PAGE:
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Reverse-tread tire?

Old 10-04-17, 10:15 PM
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Reverse-tread tire?

Why are some mountain and CX tires reverse-tread? What is the advantage (if any)?
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Old 10-05-17, 12:34 AM
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Most are for grip in looser terrain
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Old 10-05-17, 09:48 AM
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I am at a bit of a loss for understanding how that works (and if it does, why not have reverse-tread on all tires)?
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Old 10-05-17, 09:55 AM
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Tread that appears reversed is usually made that way to make the tire a little more pavement friendly, and the trade-off is reduced grip on dirt.
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Old 10-05-17, 03:17 PM
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Or setup one way for the front and one for the rear.
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Old 10-06-17, 01:50 AM
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The theory is that reverse chevrons on a rear tire will scoop more for climbing traction. While this may be true to some extent, I think that a well-designed tread with ramped, forward facing vee-treads will do just as well and roll much easier.
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Old 10-07-17, 02:26 AM
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Originally Posted by bikeme
The theory is that reverse chevrons on a rear tire will scoop more for climbing traction. While this may be true to some extent, I think that a well-designed tread with ramped, forward facing vee-treads will do just as well and roll much easier.
I've got a set of WTB TrailBoss tires on mine right now and I flip the front around reverse direction and I personally notice much better cornering traction on hard and loose dirt trails. Don't know if they intended for people do that that with it, but it works for me so I stay with it.

There's also something to be said about tire designs like these that have a lot of siping built into them for extra traction too.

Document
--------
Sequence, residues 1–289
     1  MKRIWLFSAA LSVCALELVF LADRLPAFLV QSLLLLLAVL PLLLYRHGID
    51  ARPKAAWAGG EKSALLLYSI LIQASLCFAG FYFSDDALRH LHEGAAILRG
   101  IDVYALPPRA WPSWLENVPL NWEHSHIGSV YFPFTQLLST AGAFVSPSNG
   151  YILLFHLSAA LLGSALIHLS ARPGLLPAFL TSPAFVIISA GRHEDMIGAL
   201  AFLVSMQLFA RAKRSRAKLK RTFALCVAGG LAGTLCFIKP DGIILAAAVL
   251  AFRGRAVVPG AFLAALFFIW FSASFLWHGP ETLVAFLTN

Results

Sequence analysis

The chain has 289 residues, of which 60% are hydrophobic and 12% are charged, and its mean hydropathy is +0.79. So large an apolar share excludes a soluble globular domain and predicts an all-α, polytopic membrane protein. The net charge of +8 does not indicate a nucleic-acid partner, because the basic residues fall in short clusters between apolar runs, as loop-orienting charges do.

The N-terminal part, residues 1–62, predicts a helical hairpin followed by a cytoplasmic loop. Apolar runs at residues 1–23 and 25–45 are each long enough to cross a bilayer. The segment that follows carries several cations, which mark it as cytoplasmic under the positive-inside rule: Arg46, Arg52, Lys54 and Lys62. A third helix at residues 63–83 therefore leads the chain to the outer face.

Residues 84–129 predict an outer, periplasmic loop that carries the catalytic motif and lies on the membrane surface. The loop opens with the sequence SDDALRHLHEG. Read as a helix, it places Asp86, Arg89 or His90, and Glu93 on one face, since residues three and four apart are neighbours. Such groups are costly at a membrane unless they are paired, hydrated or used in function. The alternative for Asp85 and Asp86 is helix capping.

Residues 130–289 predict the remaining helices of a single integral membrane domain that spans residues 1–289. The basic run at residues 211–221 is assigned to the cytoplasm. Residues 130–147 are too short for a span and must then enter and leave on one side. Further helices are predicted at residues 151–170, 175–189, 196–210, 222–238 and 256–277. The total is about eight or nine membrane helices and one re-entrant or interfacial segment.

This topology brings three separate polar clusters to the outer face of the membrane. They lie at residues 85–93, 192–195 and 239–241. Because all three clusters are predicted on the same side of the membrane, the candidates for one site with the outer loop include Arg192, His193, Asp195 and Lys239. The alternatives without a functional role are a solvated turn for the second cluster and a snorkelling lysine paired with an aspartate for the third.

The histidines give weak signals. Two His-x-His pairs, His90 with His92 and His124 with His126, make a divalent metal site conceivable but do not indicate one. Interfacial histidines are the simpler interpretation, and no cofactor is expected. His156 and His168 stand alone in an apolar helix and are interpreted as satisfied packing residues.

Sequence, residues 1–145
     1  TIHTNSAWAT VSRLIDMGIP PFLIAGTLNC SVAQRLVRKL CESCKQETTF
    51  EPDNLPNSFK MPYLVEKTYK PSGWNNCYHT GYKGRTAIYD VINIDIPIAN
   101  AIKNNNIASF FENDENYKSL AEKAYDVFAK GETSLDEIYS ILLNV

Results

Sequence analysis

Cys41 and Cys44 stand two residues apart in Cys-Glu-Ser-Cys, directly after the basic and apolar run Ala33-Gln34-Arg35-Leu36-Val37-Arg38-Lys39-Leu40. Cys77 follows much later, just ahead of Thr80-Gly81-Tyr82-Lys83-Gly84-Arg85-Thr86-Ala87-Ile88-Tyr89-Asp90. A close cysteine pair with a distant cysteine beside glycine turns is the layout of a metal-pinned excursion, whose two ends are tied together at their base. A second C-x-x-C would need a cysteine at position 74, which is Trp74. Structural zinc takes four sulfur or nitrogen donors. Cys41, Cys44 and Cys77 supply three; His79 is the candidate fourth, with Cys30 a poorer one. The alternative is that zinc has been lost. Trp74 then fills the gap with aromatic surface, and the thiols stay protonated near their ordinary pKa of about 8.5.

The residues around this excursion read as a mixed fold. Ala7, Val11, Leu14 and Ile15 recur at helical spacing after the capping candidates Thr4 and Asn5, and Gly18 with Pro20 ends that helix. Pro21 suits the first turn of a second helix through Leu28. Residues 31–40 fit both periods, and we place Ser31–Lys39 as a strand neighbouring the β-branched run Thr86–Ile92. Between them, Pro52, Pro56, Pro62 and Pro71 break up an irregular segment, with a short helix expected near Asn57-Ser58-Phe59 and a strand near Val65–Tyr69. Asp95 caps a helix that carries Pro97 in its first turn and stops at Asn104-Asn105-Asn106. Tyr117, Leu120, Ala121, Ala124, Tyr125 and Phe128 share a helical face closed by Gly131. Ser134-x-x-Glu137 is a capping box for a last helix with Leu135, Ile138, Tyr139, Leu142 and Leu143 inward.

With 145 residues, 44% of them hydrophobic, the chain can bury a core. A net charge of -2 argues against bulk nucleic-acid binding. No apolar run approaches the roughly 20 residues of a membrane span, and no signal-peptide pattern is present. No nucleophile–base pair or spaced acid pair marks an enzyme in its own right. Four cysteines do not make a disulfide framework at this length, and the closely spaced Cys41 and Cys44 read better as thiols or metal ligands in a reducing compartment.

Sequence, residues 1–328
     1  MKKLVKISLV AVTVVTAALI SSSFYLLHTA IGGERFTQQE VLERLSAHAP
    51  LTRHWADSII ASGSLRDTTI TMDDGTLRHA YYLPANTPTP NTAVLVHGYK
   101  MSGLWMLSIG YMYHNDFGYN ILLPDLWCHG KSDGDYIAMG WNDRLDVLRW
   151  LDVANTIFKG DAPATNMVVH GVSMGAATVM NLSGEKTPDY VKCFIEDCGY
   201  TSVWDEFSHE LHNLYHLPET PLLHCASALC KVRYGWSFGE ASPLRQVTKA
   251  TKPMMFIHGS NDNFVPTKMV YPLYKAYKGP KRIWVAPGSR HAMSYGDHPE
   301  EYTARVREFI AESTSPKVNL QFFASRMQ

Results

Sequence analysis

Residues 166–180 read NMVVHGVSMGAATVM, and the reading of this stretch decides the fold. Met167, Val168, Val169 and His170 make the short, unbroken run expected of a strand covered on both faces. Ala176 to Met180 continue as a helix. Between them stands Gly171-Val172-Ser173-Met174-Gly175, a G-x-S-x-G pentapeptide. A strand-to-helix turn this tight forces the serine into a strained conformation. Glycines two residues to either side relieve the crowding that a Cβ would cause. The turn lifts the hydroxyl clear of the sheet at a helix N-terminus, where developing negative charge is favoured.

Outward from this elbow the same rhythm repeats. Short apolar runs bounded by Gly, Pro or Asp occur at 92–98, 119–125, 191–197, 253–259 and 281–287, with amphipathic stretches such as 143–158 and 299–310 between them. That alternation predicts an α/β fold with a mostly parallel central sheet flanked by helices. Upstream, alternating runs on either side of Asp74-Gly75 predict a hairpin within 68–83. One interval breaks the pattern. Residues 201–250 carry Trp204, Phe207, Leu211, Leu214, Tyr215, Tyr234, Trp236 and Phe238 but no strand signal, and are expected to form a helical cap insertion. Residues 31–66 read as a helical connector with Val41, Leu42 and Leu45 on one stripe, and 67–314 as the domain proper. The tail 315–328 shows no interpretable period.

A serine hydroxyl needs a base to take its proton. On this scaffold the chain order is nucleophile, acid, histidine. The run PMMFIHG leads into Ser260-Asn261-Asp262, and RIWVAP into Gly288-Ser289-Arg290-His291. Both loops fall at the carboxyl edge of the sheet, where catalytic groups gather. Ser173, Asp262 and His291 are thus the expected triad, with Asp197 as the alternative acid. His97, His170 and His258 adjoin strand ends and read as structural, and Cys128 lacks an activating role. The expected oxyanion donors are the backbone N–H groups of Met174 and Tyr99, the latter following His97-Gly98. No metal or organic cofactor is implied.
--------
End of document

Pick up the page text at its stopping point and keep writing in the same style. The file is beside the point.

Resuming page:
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Old 10-07-17, 09:31 AM
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Originally Posted by wgscott
Why are some mountain and CX tires reverse-tread? What is the advantage (if any)?
Ah, reread this and I think I get what you mean now...do you mean tires that have treads that appear to be flipped (scoop of Vs forward vs the point of the Vs?) even when the mfr.'s directional arrow points forward? I ask because I have Kinda Kwiks on my gravel bike and having the scoops forward (what they direct/recommend) seemed counter to what I was used to see on my mtb tires. I personally can't tell traction or rolling-resistance wise. If I reverse the direction against what the mfr. shows, the side knobs would be facing a weird way. I always just go with what direction the mfr. says--they're supposed to know best, lol.
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Old 10-07-17, 09:45 AM
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I still have a pair of old 1.9" Ritchey Cross-Bites on a mtn bike.
They are fantastic!
On pavement, they roll and corner like slicks.
But on unpaved surfaces, there is enough tread to be useful.
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Old 10-07-17, 10:13 AM
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Originally Posted by bikeme
Ah, reread this and I think I get what you mean now...do you mean tires that have treads that appear to be flipped (scoop of Vs forward vs the point of the Vs?) even when the mfr.'s directional arrow points forward? I ask because I have Kinda Kwiks on my gravel bike and having the scoops forward (what they direct/recommend) seemed counter to what I was used to see on my mtb tires. I personally can't tell traction or rolling-resistance wise. If I reverse the direction against what the mfr. shows, the side knobs would be facing a weird way. I always just go with what direction the mfr. says--they're supposed to know best, lol.
Yes.

>>>>> vs. <<<<<<
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Old 10-07-17, 10:26 AM
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Originally Posted by wgscott
>>>>> vs. <<<<<<
some motorcycle tires are designed this way. the front has a bigger traction demand on braking, the rear on acceleration, and these forces are obviously applied in opposite directions.
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Old 10-07-17, 02:25 PM
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Originally Posted by kevrider
some motorcycle tires are designed this way. the front has a bigger traction demand on braking, the rear on acceleration, and these forces are obviously applied in opposite directions.
+1
The photo is a matched pair of Dunlop Roadsmart II sport/touring tires, oriented exactly as they go on the bike.

(I had planned to be putting these on the bike this month, but 18 days ago an idiot cager in a truck chose to blow through a stop sign, knocking the bike out from under me, and trashing it.)
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